Operations

The year in review: retail theft

Retailers from Target and The Home Depot to pharmacies such as CVS and Walgreens were vocal about shoplifting in 2023.
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3 min read

Retail news that keeps industry pros in the know

Retail Brew delivers the latest retail industry news and insights surrounding marketing, DTC, and e-commerce to keep leaders and decision-makers up to date.

It’s never fun to talk about the ugly side of running a business, but this year, retail theft came into focus in a new way that reached national heights.

  • Companies, their CEOs, and special interest groups were extremely vocal about retail theft and how they said it was affecting store operations.
  • The National Retail Federation said in a September survey that shrink—the retail term for any loss of inventory, both inside factors or external factors—accounted for $112.1 billion in losses in 2022, a significant increase from $93.9 billion in 2021.

But as claims about retail crime made headlines this year, so has scrutiny over the scale of corporations’ response—and more recently, questions about how big a problem it really is. The NRF even went so far as to remove a “mistaken” fact from a headline-grabbing report claiming that organized retail crime (ORC) made up “nearly half” of inventory losses in 2021.

Target was one of the more vocal major companies that expressed frustration with increased shrinkage. In September, the company claimed the reasoning behind closing nine locations was primarily because “theft and organized retail crime are threatening the safety of our team and guests, and contributing to unsustainable business performance.”

  • Target CEO Brian Cornell reported during the company’s Q2 earnings that the retailer had a 120% increase in incidents of violence or threats of violence from January through May.
  • Four of the closures were small-format stores in urban areas that Target opened only in the past few years. The company had planned to distinguish itself by expanding its footprint in these areas, while competitors like Walmart primarily stuck to suburban and rural areas.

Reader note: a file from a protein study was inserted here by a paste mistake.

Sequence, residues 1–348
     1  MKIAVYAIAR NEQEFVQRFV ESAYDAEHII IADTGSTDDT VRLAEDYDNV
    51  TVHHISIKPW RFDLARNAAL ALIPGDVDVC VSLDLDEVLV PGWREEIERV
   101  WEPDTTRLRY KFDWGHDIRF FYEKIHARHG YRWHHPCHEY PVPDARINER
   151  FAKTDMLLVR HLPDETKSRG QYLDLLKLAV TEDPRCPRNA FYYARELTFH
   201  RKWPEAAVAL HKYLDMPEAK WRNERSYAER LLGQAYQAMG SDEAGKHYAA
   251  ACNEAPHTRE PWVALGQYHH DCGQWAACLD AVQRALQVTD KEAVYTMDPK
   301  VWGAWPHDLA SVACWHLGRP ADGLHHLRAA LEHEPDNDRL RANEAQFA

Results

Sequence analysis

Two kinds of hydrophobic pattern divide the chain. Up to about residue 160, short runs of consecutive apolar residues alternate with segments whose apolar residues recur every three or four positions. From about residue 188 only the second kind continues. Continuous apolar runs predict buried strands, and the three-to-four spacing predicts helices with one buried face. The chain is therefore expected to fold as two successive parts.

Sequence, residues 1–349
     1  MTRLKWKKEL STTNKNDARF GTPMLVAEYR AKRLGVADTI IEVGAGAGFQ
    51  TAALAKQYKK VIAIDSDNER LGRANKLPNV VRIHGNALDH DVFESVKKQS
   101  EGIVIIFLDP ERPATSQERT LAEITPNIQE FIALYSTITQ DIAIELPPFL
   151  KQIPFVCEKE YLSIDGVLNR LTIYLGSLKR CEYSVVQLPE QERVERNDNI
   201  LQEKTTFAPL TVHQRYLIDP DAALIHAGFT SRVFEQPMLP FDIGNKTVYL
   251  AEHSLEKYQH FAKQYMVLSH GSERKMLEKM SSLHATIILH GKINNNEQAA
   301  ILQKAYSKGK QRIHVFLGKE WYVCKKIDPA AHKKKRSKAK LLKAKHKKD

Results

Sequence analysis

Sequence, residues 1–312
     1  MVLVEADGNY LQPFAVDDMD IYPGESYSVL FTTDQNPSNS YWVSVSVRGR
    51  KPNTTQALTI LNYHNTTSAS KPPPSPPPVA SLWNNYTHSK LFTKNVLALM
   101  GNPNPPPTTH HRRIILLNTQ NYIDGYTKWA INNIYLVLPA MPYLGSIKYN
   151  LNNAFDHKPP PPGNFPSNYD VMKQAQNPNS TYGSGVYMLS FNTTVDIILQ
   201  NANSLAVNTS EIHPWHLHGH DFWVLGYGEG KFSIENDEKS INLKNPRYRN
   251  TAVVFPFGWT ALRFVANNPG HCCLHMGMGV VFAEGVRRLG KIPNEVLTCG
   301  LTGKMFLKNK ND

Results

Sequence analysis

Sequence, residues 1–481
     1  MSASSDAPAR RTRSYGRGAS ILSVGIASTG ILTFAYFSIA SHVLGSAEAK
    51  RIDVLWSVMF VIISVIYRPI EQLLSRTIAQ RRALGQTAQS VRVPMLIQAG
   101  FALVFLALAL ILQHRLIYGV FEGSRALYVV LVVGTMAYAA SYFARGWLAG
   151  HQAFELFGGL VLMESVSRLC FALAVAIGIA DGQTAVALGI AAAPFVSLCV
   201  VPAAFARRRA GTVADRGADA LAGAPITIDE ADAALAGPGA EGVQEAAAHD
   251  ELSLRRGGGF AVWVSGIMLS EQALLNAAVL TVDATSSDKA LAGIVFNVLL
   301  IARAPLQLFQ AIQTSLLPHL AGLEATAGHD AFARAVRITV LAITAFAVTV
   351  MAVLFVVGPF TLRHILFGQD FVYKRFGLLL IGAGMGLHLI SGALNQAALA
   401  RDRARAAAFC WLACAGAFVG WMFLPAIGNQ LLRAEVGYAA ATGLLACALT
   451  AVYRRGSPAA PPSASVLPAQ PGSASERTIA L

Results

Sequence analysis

Reel it in: When assessing the threat of shoplifting and theft, some retailers have admitted their claims may have been…wrong.

  • “Maybe we cried too much last year,” Walgreens’s global CFO James Kehoe said during an earnings call at the start of the year in regard to theft. Kehoe also acknowledged that the company added too much extra security to staff stores—a major shift in tone from the year prior when Kehoe insisted, “This is not petty theft.”
  • Meanwhile, the NRF retracted a claim that “nearly half” of all inventory losses in 2021 were due to retail theft—a figure the organization previously told Retail Brew was a “mistaken inference” made by an analyst.

The big picture: Shrink is certainly a topic that comes up in earnings calls nowadays, but breaking it down at scale can prove to be difficult, as Neil Saunders, managing director at GlobalData Retail, explained in the Los Angeles Times.

“It is clear that shrink is on the rise and is starting to have more of a material impact on business performance,” Saunders wrote in an op-ed. “On the other hand, retailers have been known to make excuses for poor performance, and understanding the nuances of crime data and trends can be complicated.”

Retail news that keeps industry pros in the know

Retail Brew delivers the latest retail industry news and insights surrounding marketing, DTC, and e-commerce to keep leaders and decision-makers up to date.